I was 18-years-old when The Dark Knight descended upon theaters. About to head off to college, I was secretly insecure, outwardly jittery and completely arrogant: the standard paradoxical combination following puberty. My friends and I went to see the midnight premier of The Dark Knight since that was pretty much all we could (legally) do at midnight those days, and we left the theater a couple of hours before dawn stunned and speechless. It’s rare—especially for a teenage boy growing up in rusting Northeast PA—to leave a movie and really feel like he's witnessed something great, something important. But that was how I felt—and how my friends felt, too—when we walked out of that movie. It wasn’t just Heath Ledger’s eerie, haunting portrayal of the Joker. No, it was also Aaron Eckhart’s tragic mythological fall from grace as Harvey Dent, Christopher Nolan’s complex, edge-of-your-seat direction (a feat that seemed to convey the cultural rot endemic in modern America) and even Christian Bale’s sometimes unintentionally funny Batman voice that moved us. Ultimately though, it was the film’s message that sometimes bad men are simply bad for no reason whatsoever that disturbed 18-year-old me.
When Alfred explains the Joker’s motives—lunatic frenzy without rhyme or reason—to a baffled Bruce Wayne, saying that “some men just want to watch the world burn,” it was a learning point for me, too. Too quick to add reasonable explanation to the actions of irrational men, I realized after watching that not all villainy finds its roots in greed or revenge or jealousy. Sometimes people are mean just, well, because. I’d never seen a film, and still haven't seen another one, express that point more clearly or in a more entertaining way. Five years later, The Dark Knight remains the gold standard and not just for big-budget superhero movies but also for the modern American parable.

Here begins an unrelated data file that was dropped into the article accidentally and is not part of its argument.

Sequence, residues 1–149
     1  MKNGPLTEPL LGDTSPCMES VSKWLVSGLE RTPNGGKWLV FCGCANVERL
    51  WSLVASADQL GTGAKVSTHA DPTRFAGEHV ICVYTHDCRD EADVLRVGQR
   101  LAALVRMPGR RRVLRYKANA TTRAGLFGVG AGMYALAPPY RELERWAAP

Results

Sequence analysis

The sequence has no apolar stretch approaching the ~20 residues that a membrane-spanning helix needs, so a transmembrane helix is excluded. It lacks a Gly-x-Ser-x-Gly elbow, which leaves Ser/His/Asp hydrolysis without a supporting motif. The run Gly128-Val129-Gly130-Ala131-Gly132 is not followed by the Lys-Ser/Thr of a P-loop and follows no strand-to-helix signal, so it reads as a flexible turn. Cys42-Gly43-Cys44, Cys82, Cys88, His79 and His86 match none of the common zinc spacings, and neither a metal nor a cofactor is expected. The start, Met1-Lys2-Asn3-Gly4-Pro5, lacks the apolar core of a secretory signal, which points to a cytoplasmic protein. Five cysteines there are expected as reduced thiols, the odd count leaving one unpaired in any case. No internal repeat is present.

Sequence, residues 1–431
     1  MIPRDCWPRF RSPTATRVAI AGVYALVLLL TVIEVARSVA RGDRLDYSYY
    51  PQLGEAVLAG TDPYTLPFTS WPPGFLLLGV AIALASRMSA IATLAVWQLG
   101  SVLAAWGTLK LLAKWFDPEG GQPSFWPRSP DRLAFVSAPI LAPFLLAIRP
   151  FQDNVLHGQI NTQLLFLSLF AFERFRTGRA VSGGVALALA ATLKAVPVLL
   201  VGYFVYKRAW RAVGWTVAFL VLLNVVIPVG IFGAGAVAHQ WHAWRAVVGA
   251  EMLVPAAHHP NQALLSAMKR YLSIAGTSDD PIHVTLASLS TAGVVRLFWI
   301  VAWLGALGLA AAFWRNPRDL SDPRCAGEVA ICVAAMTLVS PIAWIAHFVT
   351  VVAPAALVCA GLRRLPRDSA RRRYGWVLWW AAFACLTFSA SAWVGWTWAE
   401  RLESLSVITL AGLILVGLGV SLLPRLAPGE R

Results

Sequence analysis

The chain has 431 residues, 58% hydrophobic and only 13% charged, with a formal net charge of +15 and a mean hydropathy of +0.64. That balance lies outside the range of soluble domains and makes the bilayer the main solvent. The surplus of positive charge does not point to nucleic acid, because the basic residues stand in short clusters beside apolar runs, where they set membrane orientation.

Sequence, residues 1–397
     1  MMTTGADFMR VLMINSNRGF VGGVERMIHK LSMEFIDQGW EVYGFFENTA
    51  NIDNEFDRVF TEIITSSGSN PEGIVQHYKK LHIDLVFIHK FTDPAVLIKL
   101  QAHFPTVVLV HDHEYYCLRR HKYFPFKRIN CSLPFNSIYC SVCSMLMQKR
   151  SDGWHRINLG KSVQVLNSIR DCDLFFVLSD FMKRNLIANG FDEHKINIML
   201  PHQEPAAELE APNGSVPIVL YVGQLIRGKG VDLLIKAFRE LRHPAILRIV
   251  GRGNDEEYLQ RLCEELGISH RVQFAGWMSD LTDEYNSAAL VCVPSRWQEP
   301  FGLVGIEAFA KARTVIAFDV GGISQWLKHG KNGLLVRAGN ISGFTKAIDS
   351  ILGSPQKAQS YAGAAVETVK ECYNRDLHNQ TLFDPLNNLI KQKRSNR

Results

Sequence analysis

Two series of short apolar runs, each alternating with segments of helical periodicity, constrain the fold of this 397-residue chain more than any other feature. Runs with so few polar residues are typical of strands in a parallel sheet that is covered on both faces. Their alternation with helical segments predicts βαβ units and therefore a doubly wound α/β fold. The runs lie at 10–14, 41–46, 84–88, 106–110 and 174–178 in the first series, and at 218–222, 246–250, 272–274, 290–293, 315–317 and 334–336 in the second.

Right before I turned on the Eagles-Cardinals game a few days ago, I was watching The Dark Knight again. After the movie, I watched Nick Foles go yet another game without throwing an interception—he’s now one touchdown shy of tying Peyton Manning’s record-holding 20 touchdowns to start a season without a pick—and that opportunistic, and still notably porous, Eagles defense grind out another win. Throughout the game, I was reminded of a line that the grotesquely human Harvey Dent says in the film: “You either die a hero or you live long enough to see yourself become the villain.”
(Really, is there a better tragic character in the past five years of cinema than Harvey Dent in The Dark Knight? He doesn’t just become a villain; he becomes a literal disfigured monster. And what’s worse, he never really becomes deranged. He simply, like the Joker, no longer finds any purpose to life anymore. He becomes an even larger villain than the Joker, perhaps, because Dent, at his core, knows better.)